When grade six teacher Amy Rowlings returned to her classroom last week, the artwork of her pupils from last March still hung on the wall.
One by one, she removed the photographs of pupils that framed the doorway, the bright red artwork made for the Chinese New Year and green family tree cutouts. It had all been left up in the expectation they would return a few weeks later.
“Everything as it was,” said Ms Rowlings, who has taught at Gems Wellington Academy Al Khail for six years.
“I don’t think any of us had an idea at the time that it would be so long. Taking it down, piece by piece, it was definitely emotional.”
Once last year’s art was removed, she prepared for the new pupils, carefully sanitising her hands before laying a pencil and name tag on each carefully spaced desk.
Mrs Rowlings placed a big box of masks and hand sanitiser by her desk at the front of the class and checked the sanitiser dispenser at the classroom door.
For hundreds of teachers across the country, the thrill of preparing for a new term was amplified this year after school closures in March due to the Covid-19 pandemic.
Ms Rowlings first set foot in the school last week to prepare for the Sunday reopening.
“Last week, it was just wonderful,” said Ms Rowlings. “You know, the buzz around school. That vibe at school, that getting excited about learning.”
“I’m just so happy for the children that will be in my class. They need that interaction with their friends.”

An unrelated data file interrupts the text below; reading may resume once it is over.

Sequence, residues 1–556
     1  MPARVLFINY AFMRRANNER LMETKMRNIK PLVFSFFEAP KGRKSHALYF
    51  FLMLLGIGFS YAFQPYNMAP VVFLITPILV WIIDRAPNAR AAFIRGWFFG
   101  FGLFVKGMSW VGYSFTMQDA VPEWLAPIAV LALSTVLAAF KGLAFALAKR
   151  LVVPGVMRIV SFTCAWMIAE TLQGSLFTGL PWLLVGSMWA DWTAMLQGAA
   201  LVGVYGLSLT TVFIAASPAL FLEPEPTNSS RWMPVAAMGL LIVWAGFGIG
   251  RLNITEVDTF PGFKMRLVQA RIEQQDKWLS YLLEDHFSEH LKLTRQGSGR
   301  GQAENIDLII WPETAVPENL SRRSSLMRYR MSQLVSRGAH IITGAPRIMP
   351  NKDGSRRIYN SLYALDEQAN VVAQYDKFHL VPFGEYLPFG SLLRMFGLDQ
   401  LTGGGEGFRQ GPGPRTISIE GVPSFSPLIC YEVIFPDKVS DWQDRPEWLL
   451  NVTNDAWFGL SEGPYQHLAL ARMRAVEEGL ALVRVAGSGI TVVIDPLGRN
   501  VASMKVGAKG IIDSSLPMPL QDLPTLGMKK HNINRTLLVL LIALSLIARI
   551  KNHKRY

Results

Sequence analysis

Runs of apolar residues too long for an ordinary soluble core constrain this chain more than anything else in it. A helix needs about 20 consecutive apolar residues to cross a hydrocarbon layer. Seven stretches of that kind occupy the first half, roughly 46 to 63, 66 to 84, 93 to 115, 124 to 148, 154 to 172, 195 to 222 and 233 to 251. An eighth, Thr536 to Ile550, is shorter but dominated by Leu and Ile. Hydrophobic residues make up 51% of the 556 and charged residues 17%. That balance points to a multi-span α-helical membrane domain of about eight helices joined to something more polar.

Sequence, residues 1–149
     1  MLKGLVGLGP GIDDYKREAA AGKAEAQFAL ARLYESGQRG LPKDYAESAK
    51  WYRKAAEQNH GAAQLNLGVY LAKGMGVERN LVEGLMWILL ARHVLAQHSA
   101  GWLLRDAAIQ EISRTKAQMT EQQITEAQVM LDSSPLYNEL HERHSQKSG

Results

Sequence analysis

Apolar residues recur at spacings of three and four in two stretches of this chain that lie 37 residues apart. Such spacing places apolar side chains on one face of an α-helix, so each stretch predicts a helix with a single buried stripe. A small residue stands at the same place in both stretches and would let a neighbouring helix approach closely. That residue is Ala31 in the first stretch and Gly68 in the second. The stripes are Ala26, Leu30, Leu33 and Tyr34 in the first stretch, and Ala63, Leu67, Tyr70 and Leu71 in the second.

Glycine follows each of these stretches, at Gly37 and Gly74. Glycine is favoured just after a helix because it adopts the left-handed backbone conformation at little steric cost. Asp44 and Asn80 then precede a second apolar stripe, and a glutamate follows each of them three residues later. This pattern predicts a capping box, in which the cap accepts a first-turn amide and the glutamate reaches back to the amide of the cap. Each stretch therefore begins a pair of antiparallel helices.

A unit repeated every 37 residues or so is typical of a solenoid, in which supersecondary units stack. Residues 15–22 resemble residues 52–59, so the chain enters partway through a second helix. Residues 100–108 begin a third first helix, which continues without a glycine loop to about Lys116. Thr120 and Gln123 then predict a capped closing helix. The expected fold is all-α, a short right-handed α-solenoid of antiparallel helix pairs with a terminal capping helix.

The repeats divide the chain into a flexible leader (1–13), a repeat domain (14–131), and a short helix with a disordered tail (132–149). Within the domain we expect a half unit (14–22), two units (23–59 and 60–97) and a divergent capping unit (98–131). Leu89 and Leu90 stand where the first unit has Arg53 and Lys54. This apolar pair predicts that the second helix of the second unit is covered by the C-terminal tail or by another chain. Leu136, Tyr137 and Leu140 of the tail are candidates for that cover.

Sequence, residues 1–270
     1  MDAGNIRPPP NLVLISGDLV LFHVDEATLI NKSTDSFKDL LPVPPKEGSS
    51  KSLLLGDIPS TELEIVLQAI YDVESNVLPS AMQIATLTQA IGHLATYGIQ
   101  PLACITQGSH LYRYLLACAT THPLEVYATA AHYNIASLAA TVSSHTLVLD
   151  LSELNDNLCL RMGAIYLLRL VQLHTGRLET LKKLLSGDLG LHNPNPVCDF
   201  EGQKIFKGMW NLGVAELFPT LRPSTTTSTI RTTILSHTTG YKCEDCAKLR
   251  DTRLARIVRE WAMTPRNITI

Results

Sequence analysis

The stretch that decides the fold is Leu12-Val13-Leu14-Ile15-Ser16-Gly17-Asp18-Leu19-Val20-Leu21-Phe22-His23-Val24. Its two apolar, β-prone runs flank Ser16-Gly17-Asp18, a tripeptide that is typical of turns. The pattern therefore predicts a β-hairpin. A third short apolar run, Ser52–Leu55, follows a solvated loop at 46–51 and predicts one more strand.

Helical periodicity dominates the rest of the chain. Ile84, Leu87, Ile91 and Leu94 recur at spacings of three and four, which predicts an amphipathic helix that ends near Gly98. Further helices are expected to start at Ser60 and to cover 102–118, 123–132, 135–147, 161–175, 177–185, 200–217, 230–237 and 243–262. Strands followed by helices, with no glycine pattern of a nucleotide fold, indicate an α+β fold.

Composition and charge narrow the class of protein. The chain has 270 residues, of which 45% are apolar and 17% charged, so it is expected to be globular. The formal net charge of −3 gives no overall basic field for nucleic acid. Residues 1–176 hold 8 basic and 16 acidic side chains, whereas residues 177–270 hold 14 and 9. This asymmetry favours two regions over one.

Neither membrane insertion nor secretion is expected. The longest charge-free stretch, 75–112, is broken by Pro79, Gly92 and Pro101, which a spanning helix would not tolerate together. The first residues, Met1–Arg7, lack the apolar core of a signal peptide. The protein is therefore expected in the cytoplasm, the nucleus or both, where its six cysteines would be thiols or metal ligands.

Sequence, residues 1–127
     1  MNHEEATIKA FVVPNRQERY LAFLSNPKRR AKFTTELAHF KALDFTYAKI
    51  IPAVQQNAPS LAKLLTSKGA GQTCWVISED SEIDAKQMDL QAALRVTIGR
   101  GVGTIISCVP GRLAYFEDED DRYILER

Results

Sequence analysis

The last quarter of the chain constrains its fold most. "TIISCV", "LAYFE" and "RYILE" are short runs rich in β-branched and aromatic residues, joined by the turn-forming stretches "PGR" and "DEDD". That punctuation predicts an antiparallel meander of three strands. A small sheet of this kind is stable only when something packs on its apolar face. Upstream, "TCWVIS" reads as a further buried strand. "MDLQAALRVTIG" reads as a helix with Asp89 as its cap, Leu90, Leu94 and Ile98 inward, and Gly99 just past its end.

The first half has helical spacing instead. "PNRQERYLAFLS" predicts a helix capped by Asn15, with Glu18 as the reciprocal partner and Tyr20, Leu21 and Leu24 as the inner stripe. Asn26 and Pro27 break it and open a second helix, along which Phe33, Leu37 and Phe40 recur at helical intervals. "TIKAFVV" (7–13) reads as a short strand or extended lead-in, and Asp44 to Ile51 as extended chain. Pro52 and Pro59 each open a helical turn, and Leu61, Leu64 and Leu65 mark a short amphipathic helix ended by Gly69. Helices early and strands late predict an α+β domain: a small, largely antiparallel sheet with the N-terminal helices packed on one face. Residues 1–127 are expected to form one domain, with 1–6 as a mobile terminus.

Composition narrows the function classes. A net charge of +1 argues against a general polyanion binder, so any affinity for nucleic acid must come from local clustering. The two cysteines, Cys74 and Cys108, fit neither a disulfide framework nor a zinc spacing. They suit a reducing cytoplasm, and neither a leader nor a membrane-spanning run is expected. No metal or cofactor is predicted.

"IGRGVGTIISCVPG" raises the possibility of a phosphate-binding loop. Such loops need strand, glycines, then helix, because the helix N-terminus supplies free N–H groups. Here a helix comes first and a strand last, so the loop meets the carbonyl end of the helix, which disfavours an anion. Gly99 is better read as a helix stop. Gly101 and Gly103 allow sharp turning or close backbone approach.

Of her 22 pupils, 14 return to the classroom this week and eight will study remotely by live streaming. About 87 of the school’s 1,037 pupils have chosen remote study.
Aware that children face new anxieties after months in relative isolation, Ms Rowlings' priority is ensuring children are comfortable sharing their feelings.
“Just explaining that you’re there, building mindfulness and giving them the opportunity to share their concerns in a way that feels comfortable, that’s what is key for those coming in now.”
Avril Hatch, a grade four homeroom teacher at the American Academy for Girls, had planned activities like mask designing for the new term.
On Sunday, she had six pupils back in her class for the first day of the school’s staggered start. By the end of the week, it will be back to a full class.
"We will be ensuring girls are fully aware of coronavirus and all the health and safety procedures they have to follow,” said Ms Hatch, who is from Ireland.
"They will be creating their own face masks and learning about hand washing, after which they will get their Covid-19 diplomas, which shows they are aware of how to self-care during this time."
Faten Al Zohaily, a Syrian parent and Arabic teacher at the same school, had spent the last few months teaching both pupils and her own children. Often, she would end up teaching the entire day.
"I am back at school and have sent my children to school as well,” said Ms Al Zohaily. “It’s not all about learning, the social side of being in school is very important.
"We need to balance both the physical and mental health of the children."